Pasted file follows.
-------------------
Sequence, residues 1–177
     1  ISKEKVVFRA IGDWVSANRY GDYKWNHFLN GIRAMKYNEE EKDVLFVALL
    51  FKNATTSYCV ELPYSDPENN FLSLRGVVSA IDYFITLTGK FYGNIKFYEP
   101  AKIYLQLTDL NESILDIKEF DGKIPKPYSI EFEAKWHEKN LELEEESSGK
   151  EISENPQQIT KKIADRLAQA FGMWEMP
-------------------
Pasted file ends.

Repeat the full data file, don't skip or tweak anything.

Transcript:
Sequence, residues 1–177
     1  ISKEKVVFRA IGDWVSANRY GDYKWNHFLN GIRAMKYNEE EKDVLFVALL
    51  FKNATTSYCV ELPYSDPENN FLSLRGVVSA IDYFITLTGK FYGNIKFYEP
   101  AKIYLQLTDL NESILDIKEF DGKIPKPYSI EFEAKWHEKN LELEEESSGK
   151  EISENPQQIT KKIADRLAQA FGMWEMP